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Chris Curran,
934 Broadway,
Suite 300
Tacoma, WA 98402
(ccurran@usgs.gov)
(253) 552-1614
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Elwha River Sediment Monitoring

Project Summaries

   
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WA11B - Elwha River Restoration Project: the Dynamics and Downstream Impacts of Fine Sediments Released After Dam Removal

Problem - The Elwha River Restoration Project is the largest single restoration action planned for the Puget Sound region in the foreseeable future and is a high priority for the Puget Sound Partnership. The removal of two large dams is expected to begin in 2011 and take approximately 2.5 years. A substantial fraction of the over 15 million m3 of sediment accumulated behind the dams, the majority of which is fine grained, is expected to erode, creating high-suspended-sediment levels in the lower river and significant impacts on fluvial, estuarine, and nearshore ecosystems.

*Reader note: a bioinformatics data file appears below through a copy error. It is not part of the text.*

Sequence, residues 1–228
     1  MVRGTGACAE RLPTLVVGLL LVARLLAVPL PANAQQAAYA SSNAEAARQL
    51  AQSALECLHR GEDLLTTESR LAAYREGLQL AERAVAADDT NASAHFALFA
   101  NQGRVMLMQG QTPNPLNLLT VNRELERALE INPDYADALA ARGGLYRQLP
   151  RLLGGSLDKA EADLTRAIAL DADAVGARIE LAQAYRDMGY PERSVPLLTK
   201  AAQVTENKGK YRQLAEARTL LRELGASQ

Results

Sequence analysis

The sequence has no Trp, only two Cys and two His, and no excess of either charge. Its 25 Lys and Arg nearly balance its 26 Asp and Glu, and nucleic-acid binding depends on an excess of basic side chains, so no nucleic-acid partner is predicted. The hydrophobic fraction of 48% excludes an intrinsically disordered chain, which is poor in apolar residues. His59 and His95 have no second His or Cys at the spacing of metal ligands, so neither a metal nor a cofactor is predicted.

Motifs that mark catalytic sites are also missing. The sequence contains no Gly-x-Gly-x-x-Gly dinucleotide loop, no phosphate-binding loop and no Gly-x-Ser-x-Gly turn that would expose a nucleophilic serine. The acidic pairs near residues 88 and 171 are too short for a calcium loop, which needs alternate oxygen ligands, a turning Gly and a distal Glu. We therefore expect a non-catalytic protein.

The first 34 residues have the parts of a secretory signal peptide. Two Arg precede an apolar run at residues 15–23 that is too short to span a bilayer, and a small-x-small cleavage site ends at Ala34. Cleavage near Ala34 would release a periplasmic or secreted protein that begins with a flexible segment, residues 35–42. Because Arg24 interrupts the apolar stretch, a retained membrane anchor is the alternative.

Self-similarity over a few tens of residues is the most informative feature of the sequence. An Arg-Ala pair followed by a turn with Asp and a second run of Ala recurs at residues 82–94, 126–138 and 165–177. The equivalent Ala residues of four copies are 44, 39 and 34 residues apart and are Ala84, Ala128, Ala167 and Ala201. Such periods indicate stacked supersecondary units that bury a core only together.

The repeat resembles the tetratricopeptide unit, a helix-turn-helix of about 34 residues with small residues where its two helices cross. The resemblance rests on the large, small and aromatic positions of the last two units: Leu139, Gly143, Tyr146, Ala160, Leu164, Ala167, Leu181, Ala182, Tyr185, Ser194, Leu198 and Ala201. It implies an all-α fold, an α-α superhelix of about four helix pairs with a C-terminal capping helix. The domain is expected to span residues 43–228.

Objectives - This study will provide the data and information to assist the Puget Sound Partnership, including state, federal, and tribal agencies to monitor key ecosystem indicators before, during, and after large-scale restoration. This study will provide key data to adaptively manage the Elwha River Restoration Project, and it will provide a better understanding of the impacts of large-scale dam removal on downstream ecosystems.

Relevance and Benefits - The study will monitor ecosystem impacts and responses to dam removal on a large salmon-bearing river in the Pacific Northwest. The study is consistent with the USGS strategic science direction "Understanding Ecosystems and Predicting Ecosystem Change: Ensuring the Nation's Economic and Environmental Future" identified in the 2007-17 science strategy of the USGS

Approach - The project is intended to occur for 3 years - 2010 through 2013 - which will encompass the entire dam-removal period. The focus will be on measuring sediment release, transport, and distribution in the lower Elwha River (below each dam), the estuary complex near the river mouth, and into the Strait of Juan de Fuca. The project has multiple components, related to water quality, sediment transport, sediment release and redistribution, and effects on biological communities in the nearshore.

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